5) Writing: Keeping a journal of your intentions for the day allows you to let go and let God do the work.  Keep in mind that once you formally and firmly establish your intentions in writing, the Spirit of the Universe will work with you and through you to manifest them in Divine Order—through specific actions you are to take and through positioning to assure you that you are in the right place at the right time to receive and express your good.

Negativity be gone!



8 Hard To Kill Houseplants

 Ah, yes, Spring. Makes me want to go outside and frolic in some flowers and enjoy some sunshine. You know, all the things our daydreams are made of! But more so than not, I am stuck inside my apartment staring at a computer screen or cleaning up after my kid (‘kid’, ‘dog’- same thing in this house!).

I am probably the least domestic person anyone I know knows. Famous for only eating frozen veggie corn dogs or blocks of cheese when left to my own devices, it’s also not uncommon to hear about me shrinking my boyfriend’s shirts or killing off my roommate’s hydrangeas. But this Spring, I decided it was high time I get some foliage to brighten up my space! So, what does the girl that can barely remember to turn in her Netflix plant in her house?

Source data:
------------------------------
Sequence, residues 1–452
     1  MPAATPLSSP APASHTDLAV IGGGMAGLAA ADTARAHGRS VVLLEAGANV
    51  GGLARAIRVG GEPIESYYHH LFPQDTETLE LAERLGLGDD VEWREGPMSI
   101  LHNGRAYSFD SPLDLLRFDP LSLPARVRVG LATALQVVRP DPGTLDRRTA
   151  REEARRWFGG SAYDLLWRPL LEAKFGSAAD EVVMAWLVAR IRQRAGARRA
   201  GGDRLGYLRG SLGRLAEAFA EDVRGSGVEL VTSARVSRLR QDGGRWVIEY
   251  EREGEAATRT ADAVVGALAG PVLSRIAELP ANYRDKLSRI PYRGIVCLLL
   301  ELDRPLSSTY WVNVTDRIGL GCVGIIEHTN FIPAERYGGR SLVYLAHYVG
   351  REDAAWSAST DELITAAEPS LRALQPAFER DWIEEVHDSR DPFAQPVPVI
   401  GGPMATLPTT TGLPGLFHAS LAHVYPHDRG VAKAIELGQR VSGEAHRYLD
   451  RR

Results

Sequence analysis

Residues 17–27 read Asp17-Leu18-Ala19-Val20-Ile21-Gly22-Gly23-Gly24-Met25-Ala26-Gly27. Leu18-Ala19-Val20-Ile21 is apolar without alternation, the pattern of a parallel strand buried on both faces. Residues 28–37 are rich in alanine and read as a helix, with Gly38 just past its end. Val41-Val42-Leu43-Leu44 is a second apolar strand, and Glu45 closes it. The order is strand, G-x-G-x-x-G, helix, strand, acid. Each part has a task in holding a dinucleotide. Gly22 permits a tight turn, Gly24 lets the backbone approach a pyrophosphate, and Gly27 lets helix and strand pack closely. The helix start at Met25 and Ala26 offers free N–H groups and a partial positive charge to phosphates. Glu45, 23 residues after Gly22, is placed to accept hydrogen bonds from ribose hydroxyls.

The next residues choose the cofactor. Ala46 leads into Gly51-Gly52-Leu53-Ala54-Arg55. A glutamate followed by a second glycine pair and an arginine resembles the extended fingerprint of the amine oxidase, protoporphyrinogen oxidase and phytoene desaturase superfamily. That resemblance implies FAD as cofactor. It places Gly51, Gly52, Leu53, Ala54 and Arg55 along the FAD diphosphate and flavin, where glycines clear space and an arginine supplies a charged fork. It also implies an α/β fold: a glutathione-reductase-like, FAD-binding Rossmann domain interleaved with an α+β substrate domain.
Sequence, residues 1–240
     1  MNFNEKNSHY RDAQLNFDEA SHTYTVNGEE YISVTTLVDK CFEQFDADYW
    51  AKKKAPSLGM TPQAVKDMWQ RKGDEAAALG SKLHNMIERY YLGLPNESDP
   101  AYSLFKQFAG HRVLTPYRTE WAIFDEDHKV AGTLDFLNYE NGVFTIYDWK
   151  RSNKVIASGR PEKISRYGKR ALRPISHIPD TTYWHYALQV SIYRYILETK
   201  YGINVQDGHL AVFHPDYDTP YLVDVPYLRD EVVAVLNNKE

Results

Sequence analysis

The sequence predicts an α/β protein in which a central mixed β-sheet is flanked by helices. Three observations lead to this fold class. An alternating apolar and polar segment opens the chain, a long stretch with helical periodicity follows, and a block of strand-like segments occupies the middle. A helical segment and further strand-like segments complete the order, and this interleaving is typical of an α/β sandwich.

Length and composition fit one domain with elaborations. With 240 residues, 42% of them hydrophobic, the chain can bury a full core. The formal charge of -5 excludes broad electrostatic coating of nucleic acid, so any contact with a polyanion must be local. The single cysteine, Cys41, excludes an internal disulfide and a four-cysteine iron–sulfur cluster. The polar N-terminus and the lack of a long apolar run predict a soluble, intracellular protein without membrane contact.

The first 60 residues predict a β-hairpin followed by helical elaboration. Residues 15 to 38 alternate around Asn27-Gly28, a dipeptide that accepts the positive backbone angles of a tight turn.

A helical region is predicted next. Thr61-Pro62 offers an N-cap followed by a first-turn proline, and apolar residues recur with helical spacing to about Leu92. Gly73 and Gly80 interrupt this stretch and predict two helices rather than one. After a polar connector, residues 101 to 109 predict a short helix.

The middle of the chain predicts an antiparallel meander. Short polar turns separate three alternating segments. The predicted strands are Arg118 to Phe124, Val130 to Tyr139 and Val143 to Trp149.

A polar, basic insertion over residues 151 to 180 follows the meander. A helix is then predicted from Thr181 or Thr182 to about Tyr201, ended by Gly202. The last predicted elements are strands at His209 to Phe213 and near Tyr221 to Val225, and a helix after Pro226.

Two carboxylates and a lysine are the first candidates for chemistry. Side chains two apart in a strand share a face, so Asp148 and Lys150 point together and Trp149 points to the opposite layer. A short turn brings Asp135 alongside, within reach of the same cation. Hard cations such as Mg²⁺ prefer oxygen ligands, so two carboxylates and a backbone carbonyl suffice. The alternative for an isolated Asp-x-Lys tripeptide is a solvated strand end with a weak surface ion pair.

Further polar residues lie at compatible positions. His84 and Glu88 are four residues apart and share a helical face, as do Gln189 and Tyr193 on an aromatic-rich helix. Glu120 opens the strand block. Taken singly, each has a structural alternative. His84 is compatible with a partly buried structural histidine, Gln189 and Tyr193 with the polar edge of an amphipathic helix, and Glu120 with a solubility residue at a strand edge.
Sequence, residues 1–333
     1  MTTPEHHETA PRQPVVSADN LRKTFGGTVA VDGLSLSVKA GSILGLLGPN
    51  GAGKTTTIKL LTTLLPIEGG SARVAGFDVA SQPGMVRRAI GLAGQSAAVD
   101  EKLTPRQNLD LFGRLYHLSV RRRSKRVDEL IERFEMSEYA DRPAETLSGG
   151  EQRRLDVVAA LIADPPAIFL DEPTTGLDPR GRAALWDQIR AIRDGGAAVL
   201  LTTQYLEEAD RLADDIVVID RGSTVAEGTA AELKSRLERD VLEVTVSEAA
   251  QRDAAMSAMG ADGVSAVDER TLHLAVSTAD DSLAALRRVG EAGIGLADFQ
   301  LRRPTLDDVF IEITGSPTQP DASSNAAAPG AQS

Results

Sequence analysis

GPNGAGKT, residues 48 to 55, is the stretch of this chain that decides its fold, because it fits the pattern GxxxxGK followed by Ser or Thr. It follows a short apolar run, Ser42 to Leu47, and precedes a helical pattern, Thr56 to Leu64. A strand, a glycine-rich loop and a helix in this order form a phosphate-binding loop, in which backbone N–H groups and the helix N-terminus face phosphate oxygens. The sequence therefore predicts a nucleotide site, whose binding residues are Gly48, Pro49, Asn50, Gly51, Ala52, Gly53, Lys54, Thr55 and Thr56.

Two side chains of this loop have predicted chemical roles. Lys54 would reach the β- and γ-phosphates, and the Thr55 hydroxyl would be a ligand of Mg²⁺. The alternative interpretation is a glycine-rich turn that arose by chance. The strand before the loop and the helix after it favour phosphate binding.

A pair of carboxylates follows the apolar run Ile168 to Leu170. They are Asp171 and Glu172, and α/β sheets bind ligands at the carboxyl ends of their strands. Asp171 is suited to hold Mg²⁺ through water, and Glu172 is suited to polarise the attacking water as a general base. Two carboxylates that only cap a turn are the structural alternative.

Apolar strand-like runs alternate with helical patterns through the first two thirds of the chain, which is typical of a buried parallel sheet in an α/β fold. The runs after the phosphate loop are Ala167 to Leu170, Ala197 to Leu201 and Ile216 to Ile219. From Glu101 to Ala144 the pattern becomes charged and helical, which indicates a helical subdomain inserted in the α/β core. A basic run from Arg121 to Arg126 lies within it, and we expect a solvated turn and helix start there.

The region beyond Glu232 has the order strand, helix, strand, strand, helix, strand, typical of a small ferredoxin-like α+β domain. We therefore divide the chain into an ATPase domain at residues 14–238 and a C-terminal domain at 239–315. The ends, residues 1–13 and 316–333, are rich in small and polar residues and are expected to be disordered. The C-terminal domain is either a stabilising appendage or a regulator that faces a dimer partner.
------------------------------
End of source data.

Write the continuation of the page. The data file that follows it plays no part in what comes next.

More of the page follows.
Here are some low maintenance and highly rewarding houseplants to consider:

Mother-In-Law Plant – "The plant that never leaves!" is known for its incredible life spans and its sharp, pointed tongue like leaves. The Mother-In-Law plant is tolerant of very low light environments and actually will rot if you love it too much- only one to two waterings a week!

Christmas Cactus – This plant just loves to give, apparently more the little you give! The Christmas Cactus does well in just about any light environment although bright, indirect sunlight will give you the brightest flower blooms. Also like the Mother-In-Law, too much watering is the one way to kill this guy. You should only water it when the top third of the soil is dry.

Pothos – I like these guys because they’re great for hanging! Pathos need low to medium light and only need to be watered once a week. The only set back to this plant is having to groom them. Just give them a trim when you’re cleaning up your bangs and you’ll be fine.